What is an offset account, and how does it actually work?

I’m sure you’ve searched the internet, reading all sorts of in-depth descriptions and precise calculations about what an offset account is and how it works. Well the truth of the matter is there are many different ways to make your offset account work for you.

 

The diagram to the left demonstrates the simple way offset accounts are used to help reduce the amount of interest you are charged on your home loan.

 

The diagram shows that without an offset account, interest is charged on the full amount that you have left owing on your mortgage, which in this example is $400,000.  If your interest rate were 5.00% then the interest you would be charged for the year on an interest only loan would be $20,000.

 

If you have an offset account linked to your mortgage the interest will be charged on the amount you owe on your home loan minus any funds you have in the offset account.  In this example interest would be charged on $400,000 minus the $30,000 in your offset account, meaning that interest is only charged on $370,000.  If your interest rate were 5.00%, the interest charged for the year on an interest only loan would be $18,500.

 

Over the life of a 20 – 30 year home loan these savings can really add up, and the extra bonus is that paying less in interest costs means that you have the ability to put that extra money back into your loan as extra repayments, allowing you to repay your loan sooner.

 

The Finer Details

 

  • The offset account we have discussed above is what’s known as a 100% offset account, meaning that 100% of the savings in the offset account count towards reducing your interest.  These 100% offset accounts are generally only available with variable rate home loans and only a limited number of smaller lenders offer this type of offset with fixed rate loans.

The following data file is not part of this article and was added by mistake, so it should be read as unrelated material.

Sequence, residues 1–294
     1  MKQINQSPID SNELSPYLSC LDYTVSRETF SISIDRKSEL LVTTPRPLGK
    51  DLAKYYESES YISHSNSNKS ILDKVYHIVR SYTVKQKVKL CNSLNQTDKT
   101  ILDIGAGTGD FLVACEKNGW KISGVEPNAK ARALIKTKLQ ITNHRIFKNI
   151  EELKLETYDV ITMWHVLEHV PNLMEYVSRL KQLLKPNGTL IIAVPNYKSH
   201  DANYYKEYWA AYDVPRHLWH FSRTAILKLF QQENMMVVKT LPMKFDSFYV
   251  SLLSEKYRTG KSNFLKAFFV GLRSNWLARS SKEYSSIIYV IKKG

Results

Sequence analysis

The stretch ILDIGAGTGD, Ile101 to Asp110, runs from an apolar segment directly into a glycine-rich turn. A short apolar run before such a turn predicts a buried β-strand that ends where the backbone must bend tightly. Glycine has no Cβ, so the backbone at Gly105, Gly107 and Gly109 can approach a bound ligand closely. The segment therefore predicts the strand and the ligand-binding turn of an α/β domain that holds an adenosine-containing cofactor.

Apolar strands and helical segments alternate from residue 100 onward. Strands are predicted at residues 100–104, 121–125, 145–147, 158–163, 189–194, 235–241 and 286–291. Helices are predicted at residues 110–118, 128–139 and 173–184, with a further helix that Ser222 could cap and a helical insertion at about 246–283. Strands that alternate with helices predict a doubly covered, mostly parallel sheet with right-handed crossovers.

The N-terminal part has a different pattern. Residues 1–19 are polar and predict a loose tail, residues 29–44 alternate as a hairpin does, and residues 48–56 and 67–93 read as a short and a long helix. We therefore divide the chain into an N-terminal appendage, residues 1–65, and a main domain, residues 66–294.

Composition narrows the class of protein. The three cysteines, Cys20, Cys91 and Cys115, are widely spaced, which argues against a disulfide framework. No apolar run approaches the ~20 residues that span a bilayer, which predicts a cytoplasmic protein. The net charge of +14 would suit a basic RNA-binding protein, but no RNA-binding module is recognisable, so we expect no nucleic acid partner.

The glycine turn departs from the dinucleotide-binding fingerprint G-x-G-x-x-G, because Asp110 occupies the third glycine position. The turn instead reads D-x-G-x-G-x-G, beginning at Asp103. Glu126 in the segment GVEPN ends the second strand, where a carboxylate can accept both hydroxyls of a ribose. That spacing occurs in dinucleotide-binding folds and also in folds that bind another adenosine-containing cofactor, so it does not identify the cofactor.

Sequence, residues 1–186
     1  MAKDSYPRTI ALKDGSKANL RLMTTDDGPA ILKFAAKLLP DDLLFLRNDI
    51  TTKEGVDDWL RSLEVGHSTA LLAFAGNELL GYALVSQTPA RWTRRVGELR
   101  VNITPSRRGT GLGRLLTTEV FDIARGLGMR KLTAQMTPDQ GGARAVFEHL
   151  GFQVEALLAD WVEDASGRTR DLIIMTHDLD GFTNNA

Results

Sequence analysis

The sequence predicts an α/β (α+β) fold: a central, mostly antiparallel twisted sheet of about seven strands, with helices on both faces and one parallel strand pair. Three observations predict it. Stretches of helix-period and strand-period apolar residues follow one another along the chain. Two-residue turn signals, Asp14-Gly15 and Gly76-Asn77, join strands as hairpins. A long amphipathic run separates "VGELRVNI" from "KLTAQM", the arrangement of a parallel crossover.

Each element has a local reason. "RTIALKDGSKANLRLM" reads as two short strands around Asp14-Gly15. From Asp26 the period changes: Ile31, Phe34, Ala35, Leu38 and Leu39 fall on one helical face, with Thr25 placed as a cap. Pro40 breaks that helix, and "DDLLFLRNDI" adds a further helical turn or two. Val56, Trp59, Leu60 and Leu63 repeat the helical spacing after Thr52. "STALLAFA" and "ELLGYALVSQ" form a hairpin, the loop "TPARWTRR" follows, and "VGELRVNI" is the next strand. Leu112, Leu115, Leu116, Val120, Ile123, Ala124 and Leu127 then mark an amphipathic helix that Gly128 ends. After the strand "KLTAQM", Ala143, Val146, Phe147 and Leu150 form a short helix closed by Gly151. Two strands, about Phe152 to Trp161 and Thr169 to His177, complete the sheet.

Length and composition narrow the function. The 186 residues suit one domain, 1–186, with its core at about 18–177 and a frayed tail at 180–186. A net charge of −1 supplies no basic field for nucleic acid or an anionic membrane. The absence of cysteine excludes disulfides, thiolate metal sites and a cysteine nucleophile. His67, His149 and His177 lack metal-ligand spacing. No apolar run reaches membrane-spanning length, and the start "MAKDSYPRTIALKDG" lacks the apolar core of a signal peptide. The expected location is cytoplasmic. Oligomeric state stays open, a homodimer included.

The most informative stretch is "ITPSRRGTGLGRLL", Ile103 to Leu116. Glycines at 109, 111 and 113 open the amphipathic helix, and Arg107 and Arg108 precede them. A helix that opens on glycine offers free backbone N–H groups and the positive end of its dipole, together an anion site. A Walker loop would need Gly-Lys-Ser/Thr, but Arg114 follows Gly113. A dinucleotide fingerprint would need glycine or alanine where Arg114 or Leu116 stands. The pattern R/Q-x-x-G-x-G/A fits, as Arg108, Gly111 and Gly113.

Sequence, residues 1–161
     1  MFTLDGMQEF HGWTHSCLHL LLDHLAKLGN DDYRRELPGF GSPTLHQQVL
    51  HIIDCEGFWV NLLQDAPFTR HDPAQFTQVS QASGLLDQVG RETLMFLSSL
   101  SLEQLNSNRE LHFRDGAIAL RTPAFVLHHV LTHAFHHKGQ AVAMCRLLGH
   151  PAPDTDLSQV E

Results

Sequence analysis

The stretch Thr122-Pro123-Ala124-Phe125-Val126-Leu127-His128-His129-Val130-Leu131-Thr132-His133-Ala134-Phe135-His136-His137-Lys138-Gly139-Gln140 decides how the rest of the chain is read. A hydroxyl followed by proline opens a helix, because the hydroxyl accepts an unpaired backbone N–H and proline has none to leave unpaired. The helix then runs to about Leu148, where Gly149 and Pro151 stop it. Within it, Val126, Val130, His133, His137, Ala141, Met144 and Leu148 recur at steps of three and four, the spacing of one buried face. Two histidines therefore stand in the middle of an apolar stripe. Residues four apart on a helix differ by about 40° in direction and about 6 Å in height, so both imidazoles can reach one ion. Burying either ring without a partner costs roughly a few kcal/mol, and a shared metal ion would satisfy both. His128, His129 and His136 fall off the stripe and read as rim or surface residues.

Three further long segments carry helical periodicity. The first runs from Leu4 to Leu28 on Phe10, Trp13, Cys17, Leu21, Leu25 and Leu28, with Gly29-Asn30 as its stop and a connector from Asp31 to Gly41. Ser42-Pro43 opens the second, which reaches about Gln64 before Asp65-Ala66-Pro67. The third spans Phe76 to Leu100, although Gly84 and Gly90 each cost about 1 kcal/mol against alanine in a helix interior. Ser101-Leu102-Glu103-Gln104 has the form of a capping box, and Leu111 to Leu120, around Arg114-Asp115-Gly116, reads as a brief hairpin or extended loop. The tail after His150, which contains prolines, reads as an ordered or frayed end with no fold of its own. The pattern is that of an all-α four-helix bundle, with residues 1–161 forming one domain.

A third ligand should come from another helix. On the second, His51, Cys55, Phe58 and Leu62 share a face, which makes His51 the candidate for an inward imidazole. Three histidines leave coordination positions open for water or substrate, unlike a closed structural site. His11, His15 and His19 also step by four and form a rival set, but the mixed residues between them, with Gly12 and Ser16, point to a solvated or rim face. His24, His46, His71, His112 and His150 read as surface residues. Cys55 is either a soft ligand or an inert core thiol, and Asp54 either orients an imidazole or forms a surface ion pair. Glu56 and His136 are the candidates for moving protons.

• Generally with a fixed rate loan there will either be no option to have an       offset or the offset account will be a reduced percentage, e.g. 40%.  This   means that only 40% of your savings in the offset account would be used to determine the interest payable.

 

  • While the offset account is a powerful tool to be used in reducing the interest you might pay, you need to be wary of the fees associated with operating the offset account.  These fees vary from lender to lender and can range from a minimal monthly account keeping fee, to a larger set up fee for establishing the account. 

 

  • You can only establish an offset account with the same lender that you hold your home loan with, and as the loan contracts vary depending on the home loan product you have, you may or may not be able to establish an offset account under your current agreement.

 

Really Making it Work

 

Using an offset account can be a great way to help you reduce the interest on your home loan, and with a little knowledge and the correct structure you can really take advantage of this often misunderstood product.

 

Strategies such as having all of your income paid into the account, and using the account to hold all of your savings, means that you are able to make the most out of the offset account given the funds that are available.

 

It is helping people understand the benefits of features such as the offset account, and seeing people utilize them for their own gain, that really drives us to inform people and ensure that their current home loan is the most appropriate loan for them.

 

 

If you would like to know more about offset accounts, or any other strategies please feel free to contact Peter Hale on 0402 252 150, or feel free to Contact Us Today to Book an Appointment.

Posted in: Home loans

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